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How to End Global Income Inequality

Children playing outside a primary school in the village of New Pohan, Liberia
Children playing outside a primary school in the village of New Pohan, LiberiaPhotograph by Canadian Press via AP Photo

With a speech on inequality last week, President Obama sought to kick-start a national debate about the growing gap between America’s rich and poor and what to do about it. Since 1979, U.S. productivity has increased by more than 90 percent, but the income of the typical family has increased by less than 8 percent. Worse, inter-generational inequality is huge. “A child born in the top 20 percent has about a two-in-three chance of staying at or near the top. A child born into the bottom 20 percent has a less than one-in-20 shot at making it to the top,” Obama noted. Behind growing inequality lay the impact of technology, greater competition, slashed taxes on the rich, limited investment in public goods, a lagging minimum wage, and weaker unions, argued the president. The unspoken implication: A growing wealth gap wasn’t primarily because of the harder work of the people at the top.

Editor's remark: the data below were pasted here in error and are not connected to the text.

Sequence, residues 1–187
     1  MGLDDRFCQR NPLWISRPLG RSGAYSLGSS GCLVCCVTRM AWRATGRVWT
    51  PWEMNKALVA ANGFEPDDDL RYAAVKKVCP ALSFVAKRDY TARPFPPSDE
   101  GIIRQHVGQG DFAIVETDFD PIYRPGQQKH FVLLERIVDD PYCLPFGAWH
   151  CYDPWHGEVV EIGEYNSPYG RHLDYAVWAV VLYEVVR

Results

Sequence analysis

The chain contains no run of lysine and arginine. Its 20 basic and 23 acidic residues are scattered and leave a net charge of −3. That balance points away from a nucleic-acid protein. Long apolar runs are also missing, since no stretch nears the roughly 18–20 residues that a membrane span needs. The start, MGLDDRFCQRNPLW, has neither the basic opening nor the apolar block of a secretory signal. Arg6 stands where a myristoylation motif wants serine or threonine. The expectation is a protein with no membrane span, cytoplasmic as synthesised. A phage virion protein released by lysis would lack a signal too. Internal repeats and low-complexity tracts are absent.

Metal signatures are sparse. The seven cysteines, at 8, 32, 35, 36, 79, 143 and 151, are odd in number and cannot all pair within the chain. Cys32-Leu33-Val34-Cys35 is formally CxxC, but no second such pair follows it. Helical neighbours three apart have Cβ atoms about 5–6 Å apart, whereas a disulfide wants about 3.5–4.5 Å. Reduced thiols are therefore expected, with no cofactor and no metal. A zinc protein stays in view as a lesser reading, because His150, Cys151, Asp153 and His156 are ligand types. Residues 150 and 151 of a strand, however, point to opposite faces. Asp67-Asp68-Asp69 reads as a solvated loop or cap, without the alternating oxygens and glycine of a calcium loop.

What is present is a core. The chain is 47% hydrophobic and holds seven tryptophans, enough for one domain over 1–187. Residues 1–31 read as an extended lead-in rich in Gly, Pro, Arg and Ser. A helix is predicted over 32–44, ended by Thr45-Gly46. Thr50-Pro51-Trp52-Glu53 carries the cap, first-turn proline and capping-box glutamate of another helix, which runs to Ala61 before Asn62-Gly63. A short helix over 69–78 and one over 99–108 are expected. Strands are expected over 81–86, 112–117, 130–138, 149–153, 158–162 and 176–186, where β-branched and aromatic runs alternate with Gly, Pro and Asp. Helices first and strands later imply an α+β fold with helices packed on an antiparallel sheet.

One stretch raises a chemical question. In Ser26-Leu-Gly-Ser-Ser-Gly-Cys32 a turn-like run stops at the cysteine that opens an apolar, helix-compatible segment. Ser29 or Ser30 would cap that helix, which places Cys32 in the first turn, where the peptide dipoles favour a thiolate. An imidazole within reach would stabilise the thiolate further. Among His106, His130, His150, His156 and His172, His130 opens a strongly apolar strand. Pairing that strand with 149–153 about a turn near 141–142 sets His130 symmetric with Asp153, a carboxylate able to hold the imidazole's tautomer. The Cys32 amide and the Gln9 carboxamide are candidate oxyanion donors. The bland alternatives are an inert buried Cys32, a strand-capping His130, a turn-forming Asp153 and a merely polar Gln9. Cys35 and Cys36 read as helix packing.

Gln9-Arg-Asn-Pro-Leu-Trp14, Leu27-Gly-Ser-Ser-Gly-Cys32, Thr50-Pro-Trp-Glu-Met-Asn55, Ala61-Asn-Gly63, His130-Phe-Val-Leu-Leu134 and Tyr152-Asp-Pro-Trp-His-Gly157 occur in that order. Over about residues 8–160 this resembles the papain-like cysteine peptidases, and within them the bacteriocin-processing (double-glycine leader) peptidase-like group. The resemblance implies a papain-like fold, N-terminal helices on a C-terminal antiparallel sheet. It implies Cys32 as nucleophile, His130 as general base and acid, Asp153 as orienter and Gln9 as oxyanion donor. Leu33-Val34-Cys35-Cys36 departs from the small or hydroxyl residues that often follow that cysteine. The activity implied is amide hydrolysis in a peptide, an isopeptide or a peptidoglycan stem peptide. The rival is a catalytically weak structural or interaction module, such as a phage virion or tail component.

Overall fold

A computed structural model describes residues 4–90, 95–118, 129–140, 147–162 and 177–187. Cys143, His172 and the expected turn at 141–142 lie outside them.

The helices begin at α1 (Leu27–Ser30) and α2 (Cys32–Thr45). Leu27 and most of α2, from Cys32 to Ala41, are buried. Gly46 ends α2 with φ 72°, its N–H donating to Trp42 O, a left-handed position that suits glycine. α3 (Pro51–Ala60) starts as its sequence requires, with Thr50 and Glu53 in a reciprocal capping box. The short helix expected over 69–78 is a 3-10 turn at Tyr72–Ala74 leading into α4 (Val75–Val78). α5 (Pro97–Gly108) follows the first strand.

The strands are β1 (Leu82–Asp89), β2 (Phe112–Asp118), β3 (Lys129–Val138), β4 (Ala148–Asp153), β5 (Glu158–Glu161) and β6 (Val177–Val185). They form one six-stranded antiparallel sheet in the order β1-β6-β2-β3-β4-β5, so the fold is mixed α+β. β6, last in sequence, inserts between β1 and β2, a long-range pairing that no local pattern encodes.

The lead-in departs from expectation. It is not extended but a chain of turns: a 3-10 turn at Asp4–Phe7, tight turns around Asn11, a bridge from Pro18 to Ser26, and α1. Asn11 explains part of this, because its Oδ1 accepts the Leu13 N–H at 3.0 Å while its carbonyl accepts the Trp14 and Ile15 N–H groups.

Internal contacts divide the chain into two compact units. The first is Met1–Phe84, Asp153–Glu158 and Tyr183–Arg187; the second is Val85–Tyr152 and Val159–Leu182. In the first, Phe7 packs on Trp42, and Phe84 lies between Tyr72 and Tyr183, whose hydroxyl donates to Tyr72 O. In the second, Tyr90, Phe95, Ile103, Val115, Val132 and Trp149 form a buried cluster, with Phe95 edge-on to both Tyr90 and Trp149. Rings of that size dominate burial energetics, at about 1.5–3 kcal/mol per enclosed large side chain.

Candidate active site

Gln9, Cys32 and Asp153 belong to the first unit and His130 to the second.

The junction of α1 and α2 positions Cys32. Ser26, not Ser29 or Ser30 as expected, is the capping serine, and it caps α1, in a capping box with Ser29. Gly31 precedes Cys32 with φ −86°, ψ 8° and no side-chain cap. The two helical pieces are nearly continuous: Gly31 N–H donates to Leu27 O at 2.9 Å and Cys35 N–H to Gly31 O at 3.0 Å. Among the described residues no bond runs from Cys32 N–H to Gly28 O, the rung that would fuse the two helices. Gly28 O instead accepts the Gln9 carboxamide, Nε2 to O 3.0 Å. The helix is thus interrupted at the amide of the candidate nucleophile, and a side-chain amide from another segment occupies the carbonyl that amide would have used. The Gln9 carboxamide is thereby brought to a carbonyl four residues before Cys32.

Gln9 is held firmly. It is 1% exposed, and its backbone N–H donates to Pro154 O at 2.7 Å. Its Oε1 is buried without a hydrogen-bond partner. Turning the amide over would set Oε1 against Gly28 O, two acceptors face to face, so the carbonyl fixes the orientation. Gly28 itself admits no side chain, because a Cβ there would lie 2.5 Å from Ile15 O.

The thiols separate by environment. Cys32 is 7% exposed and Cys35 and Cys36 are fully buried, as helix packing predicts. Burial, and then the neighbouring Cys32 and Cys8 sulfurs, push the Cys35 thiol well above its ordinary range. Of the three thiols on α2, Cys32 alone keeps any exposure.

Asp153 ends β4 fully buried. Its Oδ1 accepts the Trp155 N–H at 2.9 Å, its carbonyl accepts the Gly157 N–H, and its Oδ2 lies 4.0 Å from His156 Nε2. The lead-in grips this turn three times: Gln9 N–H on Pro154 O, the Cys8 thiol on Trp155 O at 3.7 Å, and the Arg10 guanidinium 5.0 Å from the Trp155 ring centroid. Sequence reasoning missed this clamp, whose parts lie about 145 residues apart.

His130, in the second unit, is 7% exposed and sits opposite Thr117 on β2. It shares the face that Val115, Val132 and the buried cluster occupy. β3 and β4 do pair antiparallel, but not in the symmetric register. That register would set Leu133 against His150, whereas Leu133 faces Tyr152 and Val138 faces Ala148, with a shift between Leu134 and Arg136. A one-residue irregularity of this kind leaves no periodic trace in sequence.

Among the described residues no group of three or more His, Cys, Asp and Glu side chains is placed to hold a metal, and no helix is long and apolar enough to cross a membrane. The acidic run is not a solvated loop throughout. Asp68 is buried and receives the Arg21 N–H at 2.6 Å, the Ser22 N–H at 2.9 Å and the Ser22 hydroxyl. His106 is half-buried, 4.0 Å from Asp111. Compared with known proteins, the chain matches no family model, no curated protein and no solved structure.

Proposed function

What the president didn’t note is that almost everything he suggests about the U.S. income gap is also true about income distribution worldwide. This has implications for how we should think of fighting global poverty.